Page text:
Doctoroff: Congestion is a Major Problem. Time to Act.


Situated between Midtown and the West Side Highway with Lincoln Tunnel and Port Authority traffic running through it constantly, Hell's Kitchen may very well be the New York City neighborhood most antagonized by motor vehicles. It is no surprise that the area has spawned one of the most active and articulate community groups in the city on Livable Streets issues, the Clinton/Hell's Kitchen Pedestrian Safety Coalition.

In May one of the organization's leaders, Christine Berthet, sent a letter to Deputy Mayor Dan Doctoroff urging him to get cracking on the creation of "a comprehensive transportation plan" that puts "pedestrians, mass transit commuters and cyclists first." Well, last week, Berthet got a reply from the Deputy Mayor. While we have known for some time that Doctoroff's team has been hard at work on a big, secret transportation and land use planning initiative, his letter to Berthet still contains some genuine, heard-it-hear-first information.

The first piece of news is Doctoroff's acknowledgement that congestion is a "major problem" that "will only get worse unless we act." The Bloomberg Administration has thusfar been slow to acknowledge that New York City has a problem when it comes to traffic congestion. In fact, DOT Commissioner Iris Weinshall and Mayor Michael Bloomberg often brush off traffic complaints with the argument that congestion is the sign of a healthy urban economy. Doctoroff's letter seems to indicate an altogether new line of thinking on traffic and transportation at City Hall.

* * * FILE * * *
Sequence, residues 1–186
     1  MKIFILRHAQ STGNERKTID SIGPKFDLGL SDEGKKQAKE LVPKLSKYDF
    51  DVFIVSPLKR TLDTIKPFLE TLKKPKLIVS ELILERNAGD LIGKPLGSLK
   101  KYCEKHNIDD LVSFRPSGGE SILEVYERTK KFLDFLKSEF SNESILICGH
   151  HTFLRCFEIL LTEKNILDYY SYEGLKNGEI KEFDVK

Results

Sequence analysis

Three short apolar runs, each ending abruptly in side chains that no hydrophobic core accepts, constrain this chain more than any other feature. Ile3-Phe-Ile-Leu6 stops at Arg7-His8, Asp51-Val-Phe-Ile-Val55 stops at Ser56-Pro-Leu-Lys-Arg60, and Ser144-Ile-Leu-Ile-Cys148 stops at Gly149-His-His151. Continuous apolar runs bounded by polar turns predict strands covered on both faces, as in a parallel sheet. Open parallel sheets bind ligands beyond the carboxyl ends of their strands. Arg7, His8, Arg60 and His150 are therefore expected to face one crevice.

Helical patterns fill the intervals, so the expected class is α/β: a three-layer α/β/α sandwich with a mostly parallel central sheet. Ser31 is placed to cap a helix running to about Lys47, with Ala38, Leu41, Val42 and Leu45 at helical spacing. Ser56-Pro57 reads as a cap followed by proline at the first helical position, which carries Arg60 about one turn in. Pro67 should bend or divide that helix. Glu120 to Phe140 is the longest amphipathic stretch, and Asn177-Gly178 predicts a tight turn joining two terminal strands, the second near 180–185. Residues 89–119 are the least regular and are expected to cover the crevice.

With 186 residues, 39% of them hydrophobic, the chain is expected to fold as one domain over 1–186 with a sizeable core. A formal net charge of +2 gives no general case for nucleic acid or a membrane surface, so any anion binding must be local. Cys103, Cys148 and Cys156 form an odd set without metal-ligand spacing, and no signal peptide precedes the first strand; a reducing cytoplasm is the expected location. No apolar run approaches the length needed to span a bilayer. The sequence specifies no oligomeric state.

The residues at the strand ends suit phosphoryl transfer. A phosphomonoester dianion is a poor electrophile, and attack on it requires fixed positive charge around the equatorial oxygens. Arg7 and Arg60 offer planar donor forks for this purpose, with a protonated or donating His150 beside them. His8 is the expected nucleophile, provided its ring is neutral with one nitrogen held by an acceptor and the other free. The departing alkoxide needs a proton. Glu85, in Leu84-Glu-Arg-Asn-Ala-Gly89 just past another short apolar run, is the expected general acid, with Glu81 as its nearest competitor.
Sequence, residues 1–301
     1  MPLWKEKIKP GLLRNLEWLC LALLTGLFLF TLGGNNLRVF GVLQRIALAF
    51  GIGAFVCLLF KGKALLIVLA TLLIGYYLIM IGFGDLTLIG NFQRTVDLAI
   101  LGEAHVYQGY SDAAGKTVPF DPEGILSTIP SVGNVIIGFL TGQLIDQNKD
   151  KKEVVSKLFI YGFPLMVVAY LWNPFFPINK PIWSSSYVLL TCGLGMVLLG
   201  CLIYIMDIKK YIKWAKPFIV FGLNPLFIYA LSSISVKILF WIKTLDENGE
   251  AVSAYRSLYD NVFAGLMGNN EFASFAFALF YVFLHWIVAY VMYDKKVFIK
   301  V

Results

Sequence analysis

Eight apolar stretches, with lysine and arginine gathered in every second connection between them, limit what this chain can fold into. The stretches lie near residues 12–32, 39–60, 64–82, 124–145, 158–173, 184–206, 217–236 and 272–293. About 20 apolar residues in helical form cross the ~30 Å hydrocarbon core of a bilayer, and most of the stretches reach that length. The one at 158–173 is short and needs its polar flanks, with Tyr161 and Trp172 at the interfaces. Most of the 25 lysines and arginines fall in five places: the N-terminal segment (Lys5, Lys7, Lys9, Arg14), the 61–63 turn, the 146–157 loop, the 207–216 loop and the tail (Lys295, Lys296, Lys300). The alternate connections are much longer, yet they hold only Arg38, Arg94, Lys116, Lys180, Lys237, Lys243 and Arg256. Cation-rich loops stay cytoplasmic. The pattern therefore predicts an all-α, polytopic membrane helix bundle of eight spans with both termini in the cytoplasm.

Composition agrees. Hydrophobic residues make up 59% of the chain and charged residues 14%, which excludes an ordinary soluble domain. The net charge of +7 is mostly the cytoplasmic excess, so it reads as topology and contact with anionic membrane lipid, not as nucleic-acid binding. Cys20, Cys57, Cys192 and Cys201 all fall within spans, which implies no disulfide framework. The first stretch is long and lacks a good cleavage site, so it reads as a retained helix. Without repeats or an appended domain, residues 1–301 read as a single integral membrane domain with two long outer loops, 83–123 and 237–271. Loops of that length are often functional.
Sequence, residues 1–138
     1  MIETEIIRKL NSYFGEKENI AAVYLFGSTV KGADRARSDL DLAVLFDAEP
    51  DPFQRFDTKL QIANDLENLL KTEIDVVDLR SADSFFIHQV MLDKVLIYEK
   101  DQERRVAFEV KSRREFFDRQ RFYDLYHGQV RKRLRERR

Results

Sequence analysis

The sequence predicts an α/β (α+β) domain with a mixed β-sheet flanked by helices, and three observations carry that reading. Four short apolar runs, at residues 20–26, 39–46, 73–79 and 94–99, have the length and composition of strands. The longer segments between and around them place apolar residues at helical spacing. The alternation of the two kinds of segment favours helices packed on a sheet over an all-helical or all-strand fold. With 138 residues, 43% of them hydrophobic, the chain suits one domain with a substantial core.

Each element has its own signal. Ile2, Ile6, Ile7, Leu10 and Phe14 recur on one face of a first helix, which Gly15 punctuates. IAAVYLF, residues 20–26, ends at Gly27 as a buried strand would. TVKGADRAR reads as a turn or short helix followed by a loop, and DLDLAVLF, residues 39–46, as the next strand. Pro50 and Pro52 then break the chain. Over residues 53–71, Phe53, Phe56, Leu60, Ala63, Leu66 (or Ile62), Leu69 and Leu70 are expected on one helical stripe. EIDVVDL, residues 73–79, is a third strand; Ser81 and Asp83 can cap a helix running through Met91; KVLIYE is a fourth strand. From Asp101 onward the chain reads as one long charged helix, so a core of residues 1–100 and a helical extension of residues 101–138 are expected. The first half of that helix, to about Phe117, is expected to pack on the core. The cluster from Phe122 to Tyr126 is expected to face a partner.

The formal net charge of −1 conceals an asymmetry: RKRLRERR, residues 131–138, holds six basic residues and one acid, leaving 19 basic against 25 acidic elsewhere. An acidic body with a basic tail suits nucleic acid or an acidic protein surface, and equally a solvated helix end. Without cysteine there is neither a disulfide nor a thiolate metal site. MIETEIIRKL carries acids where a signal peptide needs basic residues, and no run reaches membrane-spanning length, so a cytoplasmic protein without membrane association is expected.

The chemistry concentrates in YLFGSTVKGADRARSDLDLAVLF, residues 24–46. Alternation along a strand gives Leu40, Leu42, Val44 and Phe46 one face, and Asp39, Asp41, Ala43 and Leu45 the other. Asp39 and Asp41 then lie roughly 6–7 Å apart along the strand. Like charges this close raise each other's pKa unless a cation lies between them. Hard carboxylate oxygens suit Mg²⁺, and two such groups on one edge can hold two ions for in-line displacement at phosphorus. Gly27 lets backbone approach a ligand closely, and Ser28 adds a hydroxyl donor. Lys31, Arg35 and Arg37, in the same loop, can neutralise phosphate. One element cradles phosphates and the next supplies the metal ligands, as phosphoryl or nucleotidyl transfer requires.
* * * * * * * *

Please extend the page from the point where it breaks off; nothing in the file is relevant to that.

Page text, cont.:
The second news item is Doctoroff's announcement that he is "looking carefully" at ways "to shift travel... away from the automobile and onto transit." Put more simply Doctoroff is, essentially, saying: New York City needs to reduce the number of private motor vehicles on city streets. This is virtually a reversal in policy. Under Commissioner Weinshall and Deputy Commissioner Michael Primeggia, DOT has seemingly operated under the assumption that its job is to "keep the traffic moving" and "increase capacity" no matter how many car and truck drivers wish to cram themselves into the city on a given day. A policy of mode-shifting would be a significant change that finally, at long last, puts New York City on the same traffic-reduction track as cities like London and Paris.  

The final nugget of news here is Doctoroff's announcement of pedestrian improvement projects already underway at specific locations throughout the city -- Times Square, Herald Square, Penn Station and Astor Place.

Here is the letter in full: